And truthfully, painfully, that’s a large part of what makes this episode good.  It felt organic, authentic, and soul-driven, in a way that Glee hasn’t managed since Season 1.  It focused on emotions, and connections, and tastefully allowed each character his and her own stories and points of view.  How difficult to commend these particular storytelling strengths, knowing that they are borne from heartbreak.

It’s near impossible not to be reminded of reality when watching the fiction.  But even so, I do think the writers created a solid hour of fiction.  There were conceptual decisions to be made, and storytelling execution decisions to be made, and most of the choices made were good, and felt right.   Rather than focusing on the details of Finn’s death, or daring to show immediate reactions, Ryan Murphy & Co. instead devoted their attention on the different grieving processes of those who knew Finn.  Particular focus was given to the Hudson-Hummels, Santana, Puck, Will, Sue, and of course, Rachel.

What worked incredibly well about these stories was the idea that they were grounded to the characters, and the plot surrounding them didn’t get in the way of the emotional journey.  Small obstacles and conflicts underscored the larger emotional issues, and the writing got a lot of mileage out of using symbolism and subtlety to convey them.  Items such as Finn’s letterman jacket and Kurt’s ornate lamp became artifacts of protection and poignance in the midst of grief.  Puck’s plot centered on the theft of the memorial tree, but the “mystery” of who stole it was never the point of the story; it was more about Puck’s inability to move forward without something of Finn’s to hold onto.   Santana’s storyline featured a huge argument with Sue over Finn’s memorial, but it wasn’t really about Santana’s feelings towards Sue, or the memorial itself.  It was more about Santana’s struggle with vulnerability in the face of incredible, laid-out pain.

Certainly, these character-driven emotional journeys reflected the way the relationships that each of them had with Finn.  But what was more resonant, for me, was the idea that grieving Finn served as a specific and meaningful reflection on each character.   Santana struggling to be vulnerable has defined much of her character’s journey.  Puck accepting responsibility and leadership from beyond Finn’s shadow is a classic Puckerman theme.  Burt’s monologue dealt with masculine affection, and lessons in tolerance.  Rachel’s showed her focus on her plans and her dreams, and the tragedy of losing a big part of them - and having to cope.  Carole’s centered on the strength of a woman dealing with so much loss in her family.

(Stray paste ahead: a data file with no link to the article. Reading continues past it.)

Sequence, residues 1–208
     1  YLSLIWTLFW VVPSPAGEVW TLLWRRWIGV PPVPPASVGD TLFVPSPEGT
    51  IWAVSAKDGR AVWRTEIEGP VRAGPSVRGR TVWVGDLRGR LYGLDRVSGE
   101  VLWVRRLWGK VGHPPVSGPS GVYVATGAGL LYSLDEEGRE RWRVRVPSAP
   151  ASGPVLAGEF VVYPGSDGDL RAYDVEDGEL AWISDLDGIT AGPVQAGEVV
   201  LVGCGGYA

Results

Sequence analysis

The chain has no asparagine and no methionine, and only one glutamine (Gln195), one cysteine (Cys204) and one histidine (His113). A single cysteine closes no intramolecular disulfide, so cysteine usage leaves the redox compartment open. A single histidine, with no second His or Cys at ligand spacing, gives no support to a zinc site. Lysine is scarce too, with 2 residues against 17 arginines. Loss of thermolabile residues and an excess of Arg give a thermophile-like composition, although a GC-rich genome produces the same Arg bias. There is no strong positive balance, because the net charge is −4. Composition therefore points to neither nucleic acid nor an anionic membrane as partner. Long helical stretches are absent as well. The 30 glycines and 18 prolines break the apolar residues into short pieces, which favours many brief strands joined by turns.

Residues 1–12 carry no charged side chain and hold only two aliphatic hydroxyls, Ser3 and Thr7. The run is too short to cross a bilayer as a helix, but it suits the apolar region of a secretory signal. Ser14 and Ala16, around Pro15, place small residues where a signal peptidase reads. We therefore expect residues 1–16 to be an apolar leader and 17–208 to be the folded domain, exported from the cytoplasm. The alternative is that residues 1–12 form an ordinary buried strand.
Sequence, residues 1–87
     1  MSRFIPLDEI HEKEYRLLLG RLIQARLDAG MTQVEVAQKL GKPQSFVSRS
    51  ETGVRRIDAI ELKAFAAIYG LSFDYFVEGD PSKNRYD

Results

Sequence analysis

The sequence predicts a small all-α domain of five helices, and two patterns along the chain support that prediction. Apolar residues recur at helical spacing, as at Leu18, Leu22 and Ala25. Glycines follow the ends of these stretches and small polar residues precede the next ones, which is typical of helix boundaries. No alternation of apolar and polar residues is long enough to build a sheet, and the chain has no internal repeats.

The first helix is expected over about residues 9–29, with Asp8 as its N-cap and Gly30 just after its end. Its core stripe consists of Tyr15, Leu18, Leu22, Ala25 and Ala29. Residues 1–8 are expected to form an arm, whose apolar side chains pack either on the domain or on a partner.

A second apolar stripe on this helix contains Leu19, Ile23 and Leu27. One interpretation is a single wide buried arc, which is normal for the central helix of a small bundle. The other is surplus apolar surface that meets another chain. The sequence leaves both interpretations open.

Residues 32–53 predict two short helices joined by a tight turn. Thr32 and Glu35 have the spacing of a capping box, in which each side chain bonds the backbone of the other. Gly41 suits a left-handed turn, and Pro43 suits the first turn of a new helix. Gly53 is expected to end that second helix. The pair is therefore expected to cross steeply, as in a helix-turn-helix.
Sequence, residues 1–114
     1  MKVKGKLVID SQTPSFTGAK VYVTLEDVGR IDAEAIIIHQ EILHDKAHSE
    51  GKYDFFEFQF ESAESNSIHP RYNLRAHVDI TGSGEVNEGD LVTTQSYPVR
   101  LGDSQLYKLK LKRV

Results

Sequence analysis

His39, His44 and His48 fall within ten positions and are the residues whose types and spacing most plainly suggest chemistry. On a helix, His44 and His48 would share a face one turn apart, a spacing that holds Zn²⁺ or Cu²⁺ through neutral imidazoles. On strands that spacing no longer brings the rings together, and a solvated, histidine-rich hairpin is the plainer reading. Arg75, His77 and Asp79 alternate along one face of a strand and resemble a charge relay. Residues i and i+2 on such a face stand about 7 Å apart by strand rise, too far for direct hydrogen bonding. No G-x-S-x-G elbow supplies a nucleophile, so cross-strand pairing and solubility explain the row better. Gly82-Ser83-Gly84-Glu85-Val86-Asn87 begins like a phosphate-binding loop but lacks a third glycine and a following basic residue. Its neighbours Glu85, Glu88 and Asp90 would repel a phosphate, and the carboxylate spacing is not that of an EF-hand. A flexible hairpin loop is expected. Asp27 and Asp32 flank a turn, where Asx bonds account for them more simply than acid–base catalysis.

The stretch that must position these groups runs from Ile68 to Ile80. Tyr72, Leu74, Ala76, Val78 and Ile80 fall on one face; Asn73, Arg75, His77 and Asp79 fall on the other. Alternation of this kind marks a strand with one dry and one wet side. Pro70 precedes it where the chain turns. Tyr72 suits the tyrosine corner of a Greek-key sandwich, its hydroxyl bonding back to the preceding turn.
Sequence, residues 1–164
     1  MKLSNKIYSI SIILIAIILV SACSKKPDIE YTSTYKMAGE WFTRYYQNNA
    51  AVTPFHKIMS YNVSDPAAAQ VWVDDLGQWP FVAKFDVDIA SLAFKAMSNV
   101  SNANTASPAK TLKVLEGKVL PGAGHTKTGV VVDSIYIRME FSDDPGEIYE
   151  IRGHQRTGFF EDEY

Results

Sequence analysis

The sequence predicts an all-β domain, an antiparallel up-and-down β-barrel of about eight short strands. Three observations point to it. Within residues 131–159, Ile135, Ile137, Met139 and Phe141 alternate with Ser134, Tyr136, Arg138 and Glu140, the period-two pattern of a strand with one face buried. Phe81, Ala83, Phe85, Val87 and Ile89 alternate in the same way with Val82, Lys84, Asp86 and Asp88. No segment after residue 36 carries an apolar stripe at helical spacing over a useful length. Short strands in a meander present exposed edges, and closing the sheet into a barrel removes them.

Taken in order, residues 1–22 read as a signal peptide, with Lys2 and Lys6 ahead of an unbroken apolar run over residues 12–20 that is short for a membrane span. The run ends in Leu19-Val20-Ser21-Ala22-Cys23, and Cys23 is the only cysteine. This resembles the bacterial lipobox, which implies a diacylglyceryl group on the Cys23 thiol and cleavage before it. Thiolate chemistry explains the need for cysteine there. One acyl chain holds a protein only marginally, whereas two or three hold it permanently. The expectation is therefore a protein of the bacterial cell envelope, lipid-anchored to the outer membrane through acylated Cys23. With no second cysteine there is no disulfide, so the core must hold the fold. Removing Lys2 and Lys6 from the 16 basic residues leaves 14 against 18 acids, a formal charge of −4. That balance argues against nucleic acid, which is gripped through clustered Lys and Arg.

What I appreciated about this pattern was the idea that Finn, as a character, served largely as a mirror to others.  I do think this concept has been there in some incarnation from the beginning, in his role as catalyst for glee club coming together.  Over the years, it’s submerged and resurfaced at random, as the writers gave over his character to lesson-making and narrative privilege.  Like most characters in this show, Finn became a puppet at some point - a puppet designed to impart lessons and seem super likeable at the same time - but a puppet nonetheless.  Season 4 actually started unraveling Finn from this Football Hero Ethos, and set him adrift in a world without anyone to mirror or influence.  Finn was always something to somebody - the ideal father and perfect husband to Quinn, the unattainable dream guy for Rachel, the alpha male to Puck’s omega, the glee club leader for the new kids, Will Schuester’s younger self.

Finn Hudson was a lot of different things to a lot of different people - especially within the high school social structure.  And after graduating, Finn struggled with losing this identity.  He tried to be something for Rachel and attend acting school in New York.  He tried to be something for Burt and work in the tire shop. He tried to be something for his father and enlist in the army.  Even where he found his place is an echo of Will: in the classroom, with the glee club.  Finn’s barely-there, lost arc is the idea that he was someone trying to be his own person, and fundamentally clueless as to how to do it because he’d rather be important to others.  “The Quarterback” connected Finn’s original role as Catalyst with his developed role of Lost Soul, and came out with something textured, appropriate, and resonant.  It didn’t glorify the teenager, or shine a light so bright it cast away shadows.  It focused on the best part of Finn Hudson, and acknowledged the devastation of losing a good soul too young.